• Should be more confident and competent in interacting in class through Q&A sessions and through preparing and participating in an investor pitch presentation

  • Teaching

    Teaching

    GBV offers a balanced portfolio of cases (historical and real-time), opportunities for individual reflection, class discussion, guest speakers and team project work, as detailed below.

     

    • Readings and Cases: The materials used in the course will familiarize students with the many dimensions of the venture creation process. The session readings will provide ideas and suggest ways of thinking about the entrepreneurial challenges we will discuss in class. Students need to prepare cases and assignments thoroughly in order to get the most out of each session. Optional readings will allow you to explore particular topics further, should you so wish.
    • Guest speakers: Entrepreneurship is a personal experience. Guest speakers will reflect on the issues they faced personally or while supporting founders and entrepreneurs in various parts of the start-up journey. Some of them will bring real-time issues to class. Others will bring their years of experience as entrepreneurs and mentors to discuss the challenges of engaging in an entrepreneurial career. The course will consist of lectures with a large number of global entrepreneurs and investors. Most sessions will consist of 2 hours guest lecture and 2 hours Q&A/discussion session. Students need to prepare for each session by submitting questions for the Q&A session in advance.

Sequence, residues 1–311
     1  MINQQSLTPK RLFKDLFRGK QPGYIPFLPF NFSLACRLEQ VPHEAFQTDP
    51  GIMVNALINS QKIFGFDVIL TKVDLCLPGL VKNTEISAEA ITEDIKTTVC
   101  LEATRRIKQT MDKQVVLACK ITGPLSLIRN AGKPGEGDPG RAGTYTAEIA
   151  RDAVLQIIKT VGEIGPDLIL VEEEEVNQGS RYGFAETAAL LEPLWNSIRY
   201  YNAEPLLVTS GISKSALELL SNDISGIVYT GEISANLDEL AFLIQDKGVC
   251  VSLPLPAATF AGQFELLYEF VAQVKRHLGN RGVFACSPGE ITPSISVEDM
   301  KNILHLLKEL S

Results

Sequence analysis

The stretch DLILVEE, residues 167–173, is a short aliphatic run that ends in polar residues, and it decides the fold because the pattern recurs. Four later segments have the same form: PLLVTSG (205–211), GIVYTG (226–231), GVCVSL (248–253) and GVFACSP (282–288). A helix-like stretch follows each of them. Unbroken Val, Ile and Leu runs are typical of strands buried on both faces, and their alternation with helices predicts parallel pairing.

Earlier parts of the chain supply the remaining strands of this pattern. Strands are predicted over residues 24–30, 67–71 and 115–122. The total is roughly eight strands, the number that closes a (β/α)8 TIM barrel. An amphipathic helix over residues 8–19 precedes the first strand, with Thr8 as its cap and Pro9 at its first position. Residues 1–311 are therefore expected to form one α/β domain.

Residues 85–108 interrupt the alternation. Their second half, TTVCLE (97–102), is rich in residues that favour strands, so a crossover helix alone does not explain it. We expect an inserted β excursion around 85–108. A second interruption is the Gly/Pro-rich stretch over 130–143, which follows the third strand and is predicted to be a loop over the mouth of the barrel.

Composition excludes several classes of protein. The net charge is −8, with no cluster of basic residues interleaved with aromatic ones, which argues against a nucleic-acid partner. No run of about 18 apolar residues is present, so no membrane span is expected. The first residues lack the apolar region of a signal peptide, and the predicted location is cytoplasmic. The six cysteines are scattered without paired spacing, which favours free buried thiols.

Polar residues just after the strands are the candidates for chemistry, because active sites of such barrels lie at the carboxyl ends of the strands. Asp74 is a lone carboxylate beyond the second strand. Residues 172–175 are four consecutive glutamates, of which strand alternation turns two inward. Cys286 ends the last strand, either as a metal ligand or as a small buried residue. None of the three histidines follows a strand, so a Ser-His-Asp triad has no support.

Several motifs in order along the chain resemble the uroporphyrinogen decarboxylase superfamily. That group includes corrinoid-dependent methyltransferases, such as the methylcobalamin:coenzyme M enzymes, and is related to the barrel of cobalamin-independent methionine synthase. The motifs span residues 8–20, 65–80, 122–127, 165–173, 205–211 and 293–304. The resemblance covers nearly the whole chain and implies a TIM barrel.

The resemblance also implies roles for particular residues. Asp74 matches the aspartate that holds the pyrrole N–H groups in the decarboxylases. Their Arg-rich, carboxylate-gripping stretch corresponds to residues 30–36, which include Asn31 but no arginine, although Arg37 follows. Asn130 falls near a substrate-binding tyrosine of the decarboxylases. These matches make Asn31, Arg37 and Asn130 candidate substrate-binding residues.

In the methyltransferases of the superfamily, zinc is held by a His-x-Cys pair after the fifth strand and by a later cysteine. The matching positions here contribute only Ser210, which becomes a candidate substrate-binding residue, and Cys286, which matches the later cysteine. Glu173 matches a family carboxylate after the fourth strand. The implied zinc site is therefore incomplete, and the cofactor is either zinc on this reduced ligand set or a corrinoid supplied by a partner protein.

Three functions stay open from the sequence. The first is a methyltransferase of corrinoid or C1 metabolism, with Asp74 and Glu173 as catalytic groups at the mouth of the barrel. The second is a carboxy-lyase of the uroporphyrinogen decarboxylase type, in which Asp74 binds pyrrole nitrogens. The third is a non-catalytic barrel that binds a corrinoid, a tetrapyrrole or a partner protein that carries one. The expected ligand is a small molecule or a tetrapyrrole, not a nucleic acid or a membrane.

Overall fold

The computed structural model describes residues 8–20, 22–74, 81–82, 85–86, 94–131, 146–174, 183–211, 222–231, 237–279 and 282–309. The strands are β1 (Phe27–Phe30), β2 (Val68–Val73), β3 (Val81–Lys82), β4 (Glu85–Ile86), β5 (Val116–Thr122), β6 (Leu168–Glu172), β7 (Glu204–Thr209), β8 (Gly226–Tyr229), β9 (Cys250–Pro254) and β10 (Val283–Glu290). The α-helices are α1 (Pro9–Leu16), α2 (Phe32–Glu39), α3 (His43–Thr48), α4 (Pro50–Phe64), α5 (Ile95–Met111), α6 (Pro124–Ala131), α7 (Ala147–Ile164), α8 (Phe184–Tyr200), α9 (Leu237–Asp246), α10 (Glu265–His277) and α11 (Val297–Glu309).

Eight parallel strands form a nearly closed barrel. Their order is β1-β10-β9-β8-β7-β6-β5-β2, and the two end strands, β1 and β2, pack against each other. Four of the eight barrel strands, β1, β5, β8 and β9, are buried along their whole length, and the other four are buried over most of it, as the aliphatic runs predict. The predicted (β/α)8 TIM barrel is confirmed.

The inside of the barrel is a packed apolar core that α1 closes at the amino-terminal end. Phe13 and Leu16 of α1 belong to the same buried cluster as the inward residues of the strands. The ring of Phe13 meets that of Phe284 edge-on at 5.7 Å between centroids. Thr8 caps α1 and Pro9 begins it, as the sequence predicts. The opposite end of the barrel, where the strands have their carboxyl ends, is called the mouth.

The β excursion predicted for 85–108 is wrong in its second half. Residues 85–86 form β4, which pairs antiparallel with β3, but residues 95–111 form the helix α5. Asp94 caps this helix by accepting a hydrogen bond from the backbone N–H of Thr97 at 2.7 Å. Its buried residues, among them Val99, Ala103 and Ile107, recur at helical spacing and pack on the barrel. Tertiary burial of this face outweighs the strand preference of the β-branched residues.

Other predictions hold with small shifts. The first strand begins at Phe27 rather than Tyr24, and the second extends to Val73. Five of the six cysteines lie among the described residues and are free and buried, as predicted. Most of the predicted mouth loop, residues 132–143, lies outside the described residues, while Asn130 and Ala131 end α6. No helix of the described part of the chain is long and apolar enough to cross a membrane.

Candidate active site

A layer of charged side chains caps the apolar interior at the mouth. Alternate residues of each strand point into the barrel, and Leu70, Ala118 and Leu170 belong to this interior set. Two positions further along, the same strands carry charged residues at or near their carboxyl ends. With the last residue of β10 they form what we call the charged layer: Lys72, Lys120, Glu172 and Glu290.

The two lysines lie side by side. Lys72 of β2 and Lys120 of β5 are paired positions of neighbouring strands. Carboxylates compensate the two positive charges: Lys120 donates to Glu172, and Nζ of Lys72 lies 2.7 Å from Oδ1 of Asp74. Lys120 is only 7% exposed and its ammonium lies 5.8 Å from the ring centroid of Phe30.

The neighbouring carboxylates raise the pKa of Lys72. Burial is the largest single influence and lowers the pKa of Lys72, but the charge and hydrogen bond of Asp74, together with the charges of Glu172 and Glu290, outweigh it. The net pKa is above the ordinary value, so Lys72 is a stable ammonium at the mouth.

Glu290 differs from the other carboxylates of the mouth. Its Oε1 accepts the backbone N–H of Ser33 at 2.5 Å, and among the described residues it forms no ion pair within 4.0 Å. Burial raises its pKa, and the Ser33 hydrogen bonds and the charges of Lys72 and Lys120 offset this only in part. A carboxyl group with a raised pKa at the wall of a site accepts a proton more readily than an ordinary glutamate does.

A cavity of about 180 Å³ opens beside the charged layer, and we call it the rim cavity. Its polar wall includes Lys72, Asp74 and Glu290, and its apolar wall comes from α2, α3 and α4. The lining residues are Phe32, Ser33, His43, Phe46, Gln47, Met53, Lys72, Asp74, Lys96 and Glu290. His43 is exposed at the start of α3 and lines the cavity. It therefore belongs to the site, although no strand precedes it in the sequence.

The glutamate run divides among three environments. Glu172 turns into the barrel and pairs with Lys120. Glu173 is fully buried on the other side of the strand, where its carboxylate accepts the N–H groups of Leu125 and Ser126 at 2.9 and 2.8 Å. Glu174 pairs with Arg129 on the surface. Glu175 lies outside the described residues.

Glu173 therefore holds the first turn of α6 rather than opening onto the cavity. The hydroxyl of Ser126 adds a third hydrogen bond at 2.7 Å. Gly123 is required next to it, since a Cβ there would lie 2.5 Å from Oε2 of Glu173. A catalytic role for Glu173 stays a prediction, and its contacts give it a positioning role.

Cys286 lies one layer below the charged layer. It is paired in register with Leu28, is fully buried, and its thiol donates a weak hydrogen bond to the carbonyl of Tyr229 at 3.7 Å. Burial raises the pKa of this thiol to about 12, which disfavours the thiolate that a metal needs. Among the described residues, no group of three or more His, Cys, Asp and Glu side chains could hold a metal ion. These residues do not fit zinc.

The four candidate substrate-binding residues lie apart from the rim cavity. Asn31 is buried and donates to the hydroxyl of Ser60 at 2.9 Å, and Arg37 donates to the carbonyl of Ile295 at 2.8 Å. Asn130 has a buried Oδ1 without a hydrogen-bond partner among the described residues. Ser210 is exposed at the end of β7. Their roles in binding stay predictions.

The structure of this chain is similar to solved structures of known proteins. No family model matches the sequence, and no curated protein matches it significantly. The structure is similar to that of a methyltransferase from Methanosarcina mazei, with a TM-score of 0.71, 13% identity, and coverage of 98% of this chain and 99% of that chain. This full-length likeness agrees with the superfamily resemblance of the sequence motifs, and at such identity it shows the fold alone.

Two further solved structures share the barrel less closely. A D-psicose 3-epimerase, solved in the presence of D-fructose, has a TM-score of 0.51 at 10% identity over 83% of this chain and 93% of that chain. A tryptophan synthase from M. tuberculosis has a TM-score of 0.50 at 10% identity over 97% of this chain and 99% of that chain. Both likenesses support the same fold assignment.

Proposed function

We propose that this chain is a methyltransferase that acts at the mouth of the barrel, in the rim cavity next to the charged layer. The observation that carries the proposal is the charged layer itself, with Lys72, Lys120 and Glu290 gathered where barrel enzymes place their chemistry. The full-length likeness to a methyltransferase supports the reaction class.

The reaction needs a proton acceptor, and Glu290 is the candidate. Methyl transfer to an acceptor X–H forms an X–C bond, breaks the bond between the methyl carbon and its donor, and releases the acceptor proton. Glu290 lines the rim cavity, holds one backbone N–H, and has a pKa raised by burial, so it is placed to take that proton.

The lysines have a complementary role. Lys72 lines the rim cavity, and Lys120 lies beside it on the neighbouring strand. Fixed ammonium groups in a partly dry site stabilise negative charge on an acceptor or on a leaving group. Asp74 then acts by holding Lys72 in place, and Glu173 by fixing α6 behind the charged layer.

• Project-work: The course project is an important vehicle for developing first-hand insight into the entrepreneurial process. You will be given the opportunity, in teams, to present and discuss the development, challenges and robustness of your own venture idea. The output for all teams will be a final report all groups will present their work in class.

  • Restricted access

    Restricted access

    Enrollment to this course is limited to 50 students. The deadline for registration was June 15th.

  • Requirements for course approval

    Requirements for course approval

    Mandatory Attendance: Attendance in all classes is mandatory for this course. Exemptions for not attending a specific class can be obtained from the lecturer on a case by case basis. All students must submit questions for Q&A session in advance of each lecture.

    The course approval is only valid in the semester obtained.

  • Assessment

    Assessment

    The course uses standard grading (A-F scale). There are three components to the final grade:

    Components

    1- Course project in team, weight 50%,

    2- Project presentation team grade, weight 25%: present to industry experts and faculty

    3-Project presentation individual grade, weight 25%: present to industry experts and faculty

  • Computer tools

    Computer tools

    Selected articles

  • Semester

    Semester

    Autumn. Not offered Autumn 2018

  • Literature

    Literature

    Selected articles

Overview

ECTS Credits
7.5
Teaching language
English
Semester
Autumn

Course responsible

Helge Thorbjørnsen, Department of strategy and management